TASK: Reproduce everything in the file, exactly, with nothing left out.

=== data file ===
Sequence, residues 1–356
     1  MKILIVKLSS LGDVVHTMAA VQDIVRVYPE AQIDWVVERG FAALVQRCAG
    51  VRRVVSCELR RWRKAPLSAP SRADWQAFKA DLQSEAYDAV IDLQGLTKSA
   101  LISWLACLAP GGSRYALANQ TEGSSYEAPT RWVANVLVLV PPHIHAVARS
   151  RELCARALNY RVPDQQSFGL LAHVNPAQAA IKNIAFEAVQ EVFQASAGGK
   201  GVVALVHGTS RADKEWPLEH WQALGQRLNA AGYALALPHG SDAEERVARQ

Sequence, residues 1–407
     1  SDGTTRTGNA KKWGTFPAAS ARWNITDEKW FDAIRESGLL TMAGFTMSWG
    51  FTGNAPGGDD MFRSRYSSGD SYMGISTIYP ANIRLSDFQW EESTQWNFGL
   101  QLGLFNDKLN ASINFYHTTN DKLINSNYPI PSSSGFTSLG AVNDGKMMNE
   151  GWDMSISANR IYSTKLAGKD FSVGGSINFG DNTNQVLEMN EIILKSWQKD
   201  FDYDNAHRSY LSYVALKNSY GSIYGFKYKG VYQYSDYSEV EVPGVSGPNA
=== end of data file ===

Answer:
Sequence, residues 1–356
     1  MKILIVKLSS LGDVVHTMAA VQDIVRVYPE AQIDWVVERG FAALVQRCAG
    51  VRRVVSCELR RWRKAPLSAP SRADWQAFKA DLQSEAYDAV IDLQGLTKSA
   101  LISWLACLAP GGSRYALANQ TEGSSYEAPT RWVANVLVLV PPHIHAVARS
   151  RELCARALNY RVPDQQSFGL LAHVNPAQAA IKNIAFEAVQ EVFQASAGGK
   201  GVVALVHGTS RADKEWPLEH WQALGQRLNA AGYALALPHG SDAEERVARQ

Sequence, residues 1–407
     1  SDGTTRTGNA KKWGTFPAAS ARWNITDEKW FDAIRESGLL TMAGFTMSWG
    51  FTGNAPGGDD MFRSRYSSGD SYMGISTIYP ANIRLSDFQW EESTQWNFGL
   101  QLGLFNDKLN ASINFYHTTN DKLINSNYPI PSSSGFTSLG AVNDGKMMNE
   151  GWDMSISANR IYSTKLAGKD FSVGGSINFG DNTNQVLEMN EIILKSWQKD
   201  FDYDNAHRSY LSYVALKNSY GSIYGFKYKG VYQYSDYSEV EVPGVSGPNA